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The Rushden Echo & Argus, 6th December 1929, transcribed by Jim Hollis.
Wonderful Record of Mr. T. Surridge

Local Preacher’s 1,089 Sermons


  Fifty years a local preacher, Mr. Thomas Surridge, of Rushden, has preached 1,089 sermons in the churches of the district.

  Mr. Surridge’s remarkable service to non-conformity was recognised on Saturday at the quarterly meeting of the Wellingboro’ Wesleyan Reform Circuit, when Mr. W.G. Lack, who presided, presented the veteran layman with a gift of £15 13s., betokening the appreciation and affection of the whole circuit.

Something More Than Human

  Mr. Lack said they wished to pay a tribute of respect to Brother Surridge, who would very soon complete fifty years as a local preacher. He had listened to Mr. Surridge with profit, but the inspiration was not altogether from the words spoken, but in the life lived and the faith displayed in times of sickness, adversity, and bereavement. To witness the world for that number of years was proof that at the back of such a life was something more than human.

  Mr. F. Wooding (Bozeat) spoke of the respect in which he had held Mr. Surridge for many years. Mr. John Spencer, J.P., who has been associated with Mr. Surridge for forty years, said he had been a great help to the mission church at Rushden, always doing all he could for the young people and the older ones also. The Rev. E.E. Bromage, pastor of the Rushden Church, said he looked to Mr. Surridge and respected him as a father in Israel.

Joined The Church In 1861

  In his reply, Mr. Surridge expressed sincere thanks for the gift, saying he appreciated the love and affection even more than the money. He recalled that he joined the Church at Bozeat in 1861, and attended his first quarter meeting at Bozeat in 1881. In the early days of his preaching career it was necessary to walk long distances to the village churches, often in the worst of weather.

  He had preached in the circuit and district 1,089 sermons, and had served on the General Committee of the Wesleyan Reform Union for six years. From the commencement of the Wellingborough-road Mission he had held office there, and had been president ever since the death of Mr. John Clark.

Work Done

  Other business at the meeting included the receipt of encouraging reports from the ministers and representatives.  At Bozeat it was stated, on organ had been installed at a cost of £150 and paid for; the congregation at Finedon had renovated their church at a cost of £160, the whole of which had been raised; and a new school was to be erected at Wymington.  The accounts for the quarter showed a balance in hand.

  The preachers’ meeting, held in the afternoon, was attended by the Revs. J. Sinfield (circuit minister), C. J. Keeler, and E. E. Bromage (Rushden).  Mr. A. Greaves, of the Wellingborough-road Mission, Rushden, was received on probation as a preacher.

13th December, 1929

A Thousand Sermons

Mr. Thomas Surridge’s 50 Years’ Pulpit Record - Gift From Wesleyan Reformists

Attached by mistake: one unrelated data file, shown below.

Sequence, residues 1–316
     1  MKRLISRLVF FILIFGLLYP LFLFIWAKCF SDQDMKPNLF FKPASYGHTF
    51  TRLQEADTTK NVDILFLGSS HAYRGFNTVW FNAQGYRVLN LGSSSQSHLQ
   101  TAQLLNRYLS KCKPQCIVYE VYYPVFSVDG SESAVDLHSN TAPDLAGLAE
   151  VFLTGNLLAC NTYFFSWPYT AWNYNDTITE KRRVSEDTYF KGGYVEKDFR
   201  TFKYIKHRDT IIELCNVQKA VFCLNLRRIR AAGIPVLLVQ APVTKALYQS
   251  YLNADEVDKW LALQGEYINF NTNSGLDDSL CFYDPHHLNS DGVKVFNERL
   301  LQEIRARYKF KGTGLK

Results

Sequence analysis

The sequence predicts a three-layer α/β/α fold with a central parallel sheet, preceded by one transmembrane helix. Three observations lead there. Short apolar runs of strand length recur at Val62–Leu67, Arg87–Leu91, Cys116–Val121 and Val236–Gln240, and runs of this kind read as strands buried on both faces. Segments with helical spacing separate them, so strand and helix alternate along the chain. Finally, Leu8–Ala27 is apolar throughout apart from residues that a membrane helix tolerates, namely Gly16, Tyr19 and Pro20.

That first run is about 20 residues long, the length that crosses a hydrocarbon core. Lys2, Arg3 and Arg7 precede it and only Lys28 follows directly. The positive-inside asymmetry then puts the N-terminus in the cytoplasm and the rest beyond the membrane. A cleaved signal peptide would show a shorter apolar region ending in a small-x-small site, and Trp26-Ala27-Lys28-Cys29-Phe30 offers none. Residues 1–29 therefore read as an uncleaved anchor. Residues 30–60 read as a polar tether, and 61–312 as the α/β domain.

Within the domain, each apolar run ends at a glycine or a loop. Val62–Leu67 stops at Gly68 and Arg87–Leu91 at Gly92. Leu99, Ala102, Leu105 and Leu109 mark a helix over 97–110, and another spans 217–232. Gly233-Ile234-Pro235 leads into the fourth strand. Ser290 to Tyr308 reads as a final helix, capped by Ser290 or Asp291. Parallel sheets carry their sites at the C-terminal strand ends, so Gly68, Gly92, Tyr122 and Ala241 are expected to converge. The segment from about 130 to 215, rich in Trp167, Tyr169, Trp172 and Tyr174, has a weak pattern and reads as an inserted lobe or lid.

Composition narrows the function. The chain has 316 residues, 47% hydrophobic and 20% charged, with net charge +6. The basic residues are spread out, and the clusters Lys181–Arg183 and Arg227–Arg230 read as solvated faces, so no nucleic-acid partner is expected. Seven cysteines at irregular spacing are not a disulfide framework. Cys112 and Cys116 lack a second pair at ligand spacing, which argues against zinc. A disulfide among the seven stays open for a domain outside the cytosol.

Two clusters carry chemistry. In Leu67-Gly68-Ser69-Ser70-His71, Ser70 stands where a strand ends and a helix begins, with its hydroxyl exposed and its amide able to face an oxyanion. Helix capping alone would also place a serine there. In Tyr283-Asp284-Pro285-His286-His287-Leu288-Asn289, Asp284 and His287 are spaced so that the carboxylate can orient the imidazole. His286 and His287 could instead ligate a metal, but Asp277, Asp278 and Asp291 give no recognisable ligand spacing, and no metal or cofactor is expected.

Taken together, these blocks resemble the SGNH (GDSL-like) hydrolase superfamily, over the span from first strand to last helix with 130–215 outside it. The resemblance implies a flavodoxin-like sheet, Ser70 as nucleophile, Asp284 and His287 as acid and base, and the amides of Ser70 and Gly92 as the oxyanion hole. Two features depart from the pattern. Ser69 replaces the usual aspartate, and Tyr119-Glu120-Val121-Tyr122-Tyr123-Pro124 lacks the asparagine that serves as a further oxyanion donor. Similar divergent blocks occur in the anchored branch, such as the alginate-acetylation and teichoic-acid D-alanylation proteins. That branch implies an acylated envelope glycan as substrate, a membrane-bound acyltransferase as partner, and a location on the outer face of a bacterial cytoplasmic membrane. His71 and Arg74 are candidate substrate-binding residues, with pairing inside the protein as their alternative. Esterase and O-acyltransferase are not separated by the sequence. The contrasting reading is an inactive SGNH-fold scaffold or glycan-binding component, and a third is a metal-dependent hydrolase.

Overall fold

Fifty years a local preacher, Mr. Thomas Surridge, of Rushden, has preached 1,089 sermons in the churches of the district.

  Mr. Surridge’s remarkable service to Nonconformity was recognised on Saturday at the quarterly meeting of the Wellingborough Wesleyan Reform Circuit, when Mr. W. G. Lack, who presided, presented the veteran lay-man with a gift of £15  13s.  3d., betokening the appreciation and the affection of the whole circuit.

  Mr. Lack said they wished to pay a tribute of respect to Brother Surridge, who would very soon complete fifty years as a local preacher.  He had listened to Mr. Surridge with profit, but the inspiration was not altogether from the words spoken, but in the life lived and the faith displayed in times of sickness, adversity and bereavement.  To witness to the world for that number of years was proof that at the back of such a life was something more than human.

  Mr. F. Wooding (Bozeat) spoke of the respect in which he had held Mr. Surridge for many years.  Mr. John Spencer, J.P., who has been associated with Mr. Surridge for forty years, said he had been a great help to the Mission Church at Rushden, always doing all he could for the young people and the older ones also.

  The Rev. E. E. Bromage, pastor of the Rushden church, said he looked to Mr. Surridge and respected him as a father in Israel.

  In his reply Mr. Surridge expressed sincere thanks for the gift, saying he appreciated the love and affection even more than the money.  He recalled that he joined the church at Bozeat in 1861 and attended his first quarterly meeting at Bozeat in 1881.  In the early days of his preaching career it was necessary to walk long distances to the village churches, often in the worst of weather.  He had preached in the circuit and district 1,089 sermons, and had served on the General Committee of the Wesleyan Reform Union for six years.  From the commencement of the Wellingborough-road Mission he had held office there, and had been president ever since the death of Mr. John Clark.

  Other business at the circuit meeting included the receipt of encouraging reports from the minsters and representatives.  At Bozeat, it was stated, an organ had been installed at a cost of £150 and paid for; the friends at Finedon had renovated their church at a cost of £160, the whole of which had been raised; and a new school was to be erected at Wymington.  The accounts for the quarter showed a balance in hand.

  The preachers’ meeting, held in the afternoon was attended by the Revs. J. Sinfield (circuit minister), C. J. Keeler and E. E. Bromage (Rushden).  Mr. A. Greaves, of the Wellingborough-road Mission, Rushden, was received on probation as a preacher.


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